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Just so everybody understand the vocabulary involved, the general structure of a URL is as follows:

  http   ://   /  path/to/resource.html  ?  query=value  #  fragment
{scheme} ://  {authority}  /         {path}          ?   {query}     #  {fragment}

The path consists of a path and a resource, in the case of path/to/resource.html the path is path/to/ and the resource is resource.html.

Poor, Nasty and Brutish:
HTML, as it is found in the wild, can be poor, nasty and brutish, though quite often far from short. In this poor, nasty and brutish world happen to live links, which in themselves can be poor, nasty and brutish, despite the fact that URLs are supposed to adhere to the standards. So with this in mind, I present you the problem...


I'm trying to create a regex to remove the resource from a URL's path, which is necessary when there is a link within a web page that is a relative path. For example:

  1. I visit
  2. There is a relative link to /page2.html
  3. Remove the /page1.html from the URL
  4. Append /page2.html to

Result: in

I'm stuck on step 3!

I've isolated the path and resource, but now I want to separate the two. The regex I tried to come up with looks like this: \z([^\/]\.[^\/])

In C# the same regex is: "\\z([^/]\\.[^/])"

Translated in English, the regex is supposed to mean: match the end of the string which includes all characters separated by a dot as long as those characters are not slashes.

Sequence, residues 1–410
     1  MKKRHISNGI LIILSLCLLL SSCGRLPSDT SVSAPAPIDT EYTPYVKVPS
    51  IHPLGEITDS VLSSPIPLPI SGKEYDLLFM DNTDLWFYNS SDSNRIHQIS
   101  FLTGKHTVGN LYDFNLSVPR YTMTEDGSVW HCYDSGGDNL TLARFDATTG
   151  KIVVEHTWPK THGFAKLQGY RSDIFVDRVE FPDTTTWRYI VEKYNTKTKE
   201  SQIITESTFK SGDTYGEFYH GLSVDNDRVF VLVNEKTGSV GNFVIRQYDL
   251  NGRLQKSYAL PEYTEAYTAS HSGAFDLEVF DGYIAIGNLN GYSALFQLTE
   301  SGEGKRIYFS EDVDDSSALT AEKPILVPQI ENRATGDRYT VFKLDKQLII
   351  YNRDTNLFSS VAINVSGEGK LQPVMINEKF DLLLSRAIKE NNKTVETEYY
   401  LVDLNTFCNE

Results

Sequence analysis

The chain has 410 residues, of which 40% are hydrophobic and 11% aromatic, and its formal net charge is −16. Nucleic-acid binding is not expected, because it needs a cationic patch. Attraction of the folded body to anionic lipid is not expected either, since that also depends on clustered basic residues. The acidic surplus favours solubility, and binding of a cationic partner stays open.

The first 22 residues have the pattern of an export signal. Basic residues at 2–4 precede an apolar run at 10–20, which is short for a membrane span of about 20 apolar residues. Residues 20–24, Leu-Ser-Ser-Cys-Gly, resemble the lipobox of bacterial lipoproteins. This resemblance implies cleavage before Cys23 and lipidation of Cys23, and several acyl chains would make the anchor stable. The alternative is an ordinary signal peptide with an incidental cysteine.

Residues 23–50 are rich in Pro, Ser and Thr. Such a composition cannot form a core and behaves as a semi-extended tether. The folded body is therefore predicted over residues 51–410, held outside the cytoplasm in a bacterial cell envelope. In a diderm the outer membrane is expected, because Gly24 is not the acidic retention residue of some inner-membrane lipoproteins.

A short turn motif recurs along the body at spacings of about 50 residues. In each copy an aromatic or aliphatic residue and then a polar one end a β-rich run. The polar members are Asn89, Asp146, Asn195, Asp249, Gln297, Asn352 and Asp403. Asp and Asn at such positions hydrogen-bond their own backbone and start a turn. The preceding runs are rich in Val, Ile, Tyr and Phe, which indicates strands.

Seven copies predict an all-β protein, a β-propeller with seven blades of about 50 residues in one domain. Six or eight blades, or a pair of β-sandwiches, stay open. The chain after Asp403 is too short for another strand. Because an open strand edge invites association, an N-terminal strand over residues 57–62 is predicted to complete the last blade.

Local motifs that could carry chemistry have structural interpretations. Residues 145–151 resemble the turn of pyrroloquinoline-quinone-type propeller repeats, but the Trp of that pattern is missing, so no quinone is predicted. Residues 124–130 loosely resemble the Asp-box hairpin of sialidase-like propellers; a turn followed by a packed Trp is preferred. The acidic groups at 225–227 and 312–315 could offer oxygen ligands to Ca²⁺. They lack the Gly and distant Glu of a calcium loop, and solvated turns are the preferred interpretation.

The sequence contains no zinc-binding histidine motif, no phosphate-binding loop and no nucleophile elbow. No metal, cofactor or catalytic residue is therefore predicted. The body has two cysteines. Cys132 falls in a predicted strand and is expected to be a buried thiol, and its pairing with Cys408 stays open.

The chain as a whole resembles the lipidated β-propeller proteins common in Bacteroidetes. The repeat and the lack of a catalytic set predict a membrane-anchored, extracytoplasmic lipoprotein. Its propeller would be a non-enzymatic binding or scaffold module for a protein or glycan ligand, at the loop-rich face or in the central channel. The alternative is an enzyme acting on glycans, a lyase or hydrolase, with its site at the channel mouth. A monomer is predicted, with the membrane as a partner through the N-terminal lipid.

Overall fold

I tried that regular expression, but currently it fails miserably. What is the proper query to achieve the said result.

Here are some sample cases:

/path/to/resource.html => /path/to/ and resource.html
/ => / and resource.html
/path/to/resource.html/ => /path/to/resource.html/
/*I#$>/78zxdc.78&(!~ => /*I#$>/ and 78zxdc.78&(!~

Thanks for your help!

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Your final sample is not a legal URI as it contains a number of characters which must be escaped. – Rob Raisch Jun 2 '11 at 22:45
Why not use System.Uri? – amit_g Jun 2 '11 at 22:45
@Rob I know it's not a legal URI, but there is nothing stopping people from putting such links in their web pages. I still have to parse such links (although the Uri class takes care of most of this stuff). – Lirik Jun 2 '11 at 23:36
@amit_g I already use the Uri class but it only provides a PathAndQuery (which is actually Path+Resource+Query), so I remove the query and I still have to remove the resource. – Lirik Jun 2 '11 at 23:37
@Lirik, use Host, Segments, Query and Fragment – amit_g Jun 2 '11 at 23:44

5 Answers 5

up vote 2 down vote accepted


var uri = new Uri("");

Console.WriteLine(uri.Scheme); // http
Console.WriteLine(uri.Host); //
Console.WriteLine(uri.AbsolutePath); // /path/to/page1.html
Console.WriteLine(uri.PathAndQuery); // /path/to/page1.html?query=value
Console.WriteLine(uri.Query); // ?query=value
Console.WriteLine(uri.Fragment); // #fragment
Console.WriteLine(uri.Segments[uri.Segments.Length - 1]); // page1.html

for (var i = 0 ; i < uri.Segments.Length ; i++)
    Console.WriteLine("{0}: {1}", i, uri.Segments[i]);
    0: /
    1: path/
    2: to/
    3: page1.html
share|improve this answer